On Sept. 12, the College of Media, Communication and Information will welcome award-winning journalist Linda Villarosa (Jour’81) to CU Boulder to discuss her new book, Under the Skin: The Hidden Toll of Racism on American Lives and on the Health of Our Nation.
CMCI invites the CU and Boulder community to join in a conversation with Villarosa on Under the Skin and its exploration of the intersection between race and health care at 5 p.m. Monday, Sept. 12, in Old Main. The Boulder Book Store will have copies of her book for sale at the event.
Villarosa is a journalist, author, editor, novelist and educator who frequently covers race, inequality and health. Under the Skin, published June 2022, dives deeper into these topics, exploring the intersection of race and health care, and how the American health system fails some of its most vulnerable constituents.
During her decadeslong career, Villarosa has edited the health pages of The New York Times and served as executive editor of Essence Magazine where worked on numerous award-winning articles. In addition to her current work as a contributor to The New York Times Magazine,Villarosa is a journalist-in-residence at City University of New York, and she teaches journalism, medicine and Black studies at The City College of New York in Harlem.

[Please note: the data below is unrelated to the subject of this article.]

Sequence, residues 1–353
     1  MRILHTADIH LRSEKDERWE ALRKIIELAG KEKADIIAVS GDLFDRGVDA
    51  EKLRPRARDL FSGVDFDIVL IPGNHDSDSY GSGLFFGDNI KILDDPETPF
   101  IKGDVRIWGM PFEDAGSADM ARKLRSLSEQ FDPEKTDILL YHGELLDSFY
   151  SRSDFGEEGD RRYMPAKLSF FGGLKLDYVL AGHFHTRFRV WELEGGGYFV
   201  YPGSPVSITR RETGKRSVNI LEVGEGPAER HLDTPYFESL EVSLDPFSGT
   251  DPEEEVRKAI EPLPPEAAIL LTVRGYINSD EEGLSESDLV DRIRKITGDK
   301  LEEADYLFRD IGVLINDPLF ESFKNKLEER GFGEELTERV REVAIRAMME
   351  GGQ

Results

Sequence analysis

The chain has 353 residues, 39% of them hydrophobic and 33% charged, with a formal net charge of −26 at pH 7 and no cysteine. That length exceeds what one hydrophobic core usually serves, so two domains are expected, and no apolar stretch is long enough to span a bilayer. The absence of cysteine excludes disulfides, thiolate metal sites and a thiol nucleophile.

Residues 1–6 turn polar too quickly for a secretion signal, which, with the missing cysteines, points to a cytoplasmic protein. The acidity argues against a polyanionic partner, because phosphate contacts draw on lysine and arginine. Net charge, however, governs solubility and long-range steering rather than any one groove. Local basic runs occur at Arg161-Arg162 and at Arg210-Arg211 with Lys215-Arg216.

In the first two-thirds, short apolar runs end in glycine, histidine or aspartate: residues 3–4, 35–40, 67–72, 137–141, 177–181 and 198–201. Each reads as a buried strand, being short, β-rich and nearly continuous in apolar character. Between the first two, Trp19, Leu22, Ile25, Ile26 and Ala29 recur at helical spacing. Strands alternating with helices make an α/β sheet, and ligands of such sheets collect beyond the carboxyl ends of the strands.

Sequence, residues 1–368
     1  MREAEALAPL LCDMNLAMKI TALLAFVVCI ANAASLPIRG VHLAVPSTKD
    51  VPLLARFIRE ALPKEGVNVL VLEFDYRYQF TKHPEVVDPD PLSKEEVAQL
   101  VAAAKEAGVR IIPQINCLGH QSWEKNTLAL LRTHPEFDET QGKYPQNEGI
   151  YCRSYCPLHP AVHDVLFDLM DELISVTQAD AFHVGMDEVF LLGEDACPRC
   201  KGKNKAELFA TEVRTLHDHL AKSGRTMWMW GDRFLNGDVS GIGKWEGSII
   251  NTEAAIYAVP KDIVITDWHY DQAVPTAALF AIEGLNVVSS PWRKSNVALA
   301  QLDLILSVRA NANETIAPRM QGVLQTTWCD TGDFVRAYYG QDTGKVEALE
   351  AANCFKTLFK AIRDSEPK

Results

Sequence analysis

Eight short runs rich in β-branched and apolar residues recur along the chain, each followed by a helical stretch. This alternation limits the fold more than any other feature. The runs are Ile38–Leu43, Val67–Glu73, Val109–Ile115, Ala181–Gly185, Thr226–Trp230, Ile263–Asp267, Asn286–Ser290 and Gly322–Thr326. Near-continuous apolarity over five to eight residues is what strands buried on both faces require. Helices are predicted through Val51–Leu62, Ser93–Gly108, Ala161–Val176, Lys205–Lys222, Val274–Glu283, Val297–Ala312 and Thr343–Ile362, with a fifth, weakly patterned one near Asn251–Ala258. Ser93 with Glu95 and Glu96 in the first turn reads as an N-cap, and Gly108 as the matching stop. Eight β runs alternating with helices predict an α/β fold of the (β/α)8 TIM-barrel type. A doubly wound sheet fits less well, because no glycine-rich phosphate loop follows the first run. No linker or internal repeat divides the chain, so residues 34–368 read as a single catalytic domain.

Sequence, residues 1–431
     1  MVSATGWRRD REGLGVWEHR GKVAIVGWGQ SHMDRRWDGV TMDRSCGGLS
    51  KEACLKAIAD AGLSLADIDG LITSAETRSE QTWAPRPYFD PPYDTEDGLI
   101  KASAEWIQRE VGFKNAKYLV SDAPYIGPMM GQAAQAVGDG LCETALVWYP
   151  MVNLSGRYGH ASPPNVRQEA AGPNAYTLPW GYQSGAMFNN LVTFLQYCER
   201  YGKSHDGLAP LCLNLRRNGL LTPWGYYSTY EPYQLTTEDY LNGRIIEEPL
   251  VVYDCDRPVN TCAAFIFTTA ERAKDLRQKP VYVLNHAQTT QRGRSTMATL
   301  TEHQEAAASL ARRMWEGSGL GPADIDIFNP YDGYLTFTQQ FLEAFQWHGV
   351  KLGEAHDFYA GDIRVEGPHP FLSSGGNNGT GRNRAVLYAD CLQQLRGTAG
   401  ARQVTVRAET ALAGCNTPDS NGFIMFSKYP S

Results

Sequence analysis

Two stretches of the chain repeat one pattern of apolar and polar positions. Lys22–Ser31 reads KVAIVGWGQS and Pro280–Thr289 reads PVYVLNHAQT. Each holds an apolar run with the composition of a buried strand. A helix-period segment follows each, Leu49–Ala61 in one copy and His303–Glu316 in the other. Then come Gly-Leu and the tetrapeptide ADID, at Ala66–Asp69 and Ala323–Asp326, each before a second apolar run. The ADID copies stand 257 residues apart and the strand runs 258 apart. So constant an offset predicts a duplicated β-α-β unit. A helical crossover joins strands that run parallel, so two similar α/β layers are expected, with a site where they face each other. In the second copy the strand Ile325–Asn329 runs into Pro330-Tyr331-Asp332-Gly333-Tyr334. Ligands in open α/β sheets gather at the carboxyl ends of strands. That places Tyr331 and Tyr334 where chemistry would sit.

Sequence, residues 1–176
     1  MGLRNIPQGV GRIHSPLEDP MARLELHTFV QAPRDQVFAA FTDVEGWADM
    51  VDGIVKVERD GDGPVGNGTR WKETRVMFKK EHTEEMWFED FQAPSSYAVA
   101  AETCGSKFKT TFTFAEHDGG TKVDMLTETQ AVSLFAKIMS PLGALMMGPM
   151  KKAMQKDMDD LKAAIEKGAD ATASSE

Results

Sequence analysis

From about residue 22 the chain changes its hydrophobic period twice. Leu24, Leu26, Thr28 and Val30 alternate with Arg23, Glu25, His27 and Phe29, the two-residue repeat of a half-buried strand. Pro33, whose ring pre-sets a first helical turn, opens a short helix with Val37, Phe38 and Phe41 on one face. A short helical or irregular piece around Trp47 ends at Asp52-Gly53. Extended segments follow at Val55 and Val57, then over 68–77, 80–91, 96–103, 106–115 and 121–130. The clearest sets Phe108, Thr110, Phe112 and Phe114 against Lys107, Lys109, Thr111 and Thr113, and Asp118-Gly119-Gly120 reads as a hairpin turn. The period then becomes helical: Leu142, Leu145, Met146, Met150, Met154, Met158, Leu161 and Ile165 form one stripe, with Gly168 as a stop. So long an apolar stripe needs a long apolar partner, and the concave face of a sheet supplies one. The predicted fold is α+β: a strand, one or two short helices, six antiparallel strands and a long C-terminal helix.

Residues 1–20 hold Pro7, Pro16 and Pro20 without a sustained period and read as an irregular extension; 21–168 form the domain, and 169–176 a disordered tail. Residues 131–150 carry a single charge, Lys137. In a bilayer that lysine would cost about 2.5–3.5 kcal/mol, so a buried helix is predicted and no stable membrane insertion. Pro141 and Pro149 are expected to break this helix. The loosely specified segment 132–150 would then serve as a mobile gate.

She has also written and co-written a number of books, such as Body & Soul: The Black Women’s Guide to Physical Health and Emotional Well-Being, which sold more than 200,000 copies, and Passing for Black, which was a Lambda Literary Award finalist.
Villarosa’s writing often looks at the health of African Americans, the effects of discrimination on Black health, and other racial health disparities, particularly as they relate to Black women. Her cover piece for The New York Times Magazine, “Why America’s Black Mothers and Babies Are in a Life-or-Death Crisis” was a finalist for a National Magazine Award. Her essay on medical myths was included in “The 1619 Project," a Pulitzer-winning initiative by The New York Times Magazine.
“I was using the Black mothers' and babies' story as a jumping off point to talk about racial health disparities in the United States,” said Villarosa in an interview with Fresh Air’s Terry Gross. “Then I started working on ‘The 1619 Project’ essay, and then I realized, ‘Wait a minute. This story goes back further.’”
Under the Skin is the culmination of years of reporting and research. In the book, Villarosa uses data analysis and research studies to explore ways that race and health care interact. She features conversations with people who have felt failed by the system. Her book aims to highlight disparities that are often ignored and validate those who are most affected.
“An Evening with Linda Villarosa” is presented by CMCI, the College of Arts and Sciences, Renée Crown Wellness Institute, University Libraries, Center for African and African American Studies, CMCI Student Government, Colorado School of Public Health, CU Advancement, the Department of Ethnic Studies, the Department of Women and Gender Studies, and the College of Arts & Science’s Justice, Equality, Diversity and Inclusion (JEDI) initiative.
This event is the first of several activities celebrating the centennial anniversary of the Department of Journalism. On April 21, 1922, the University of Colorado Board of Regents voted to establish the department and to launch the university’s first four-year journalism degree program. During the 2022–23 academic year, our celebration will continue in our magazines, events on campus, multimedia projects and social media channels.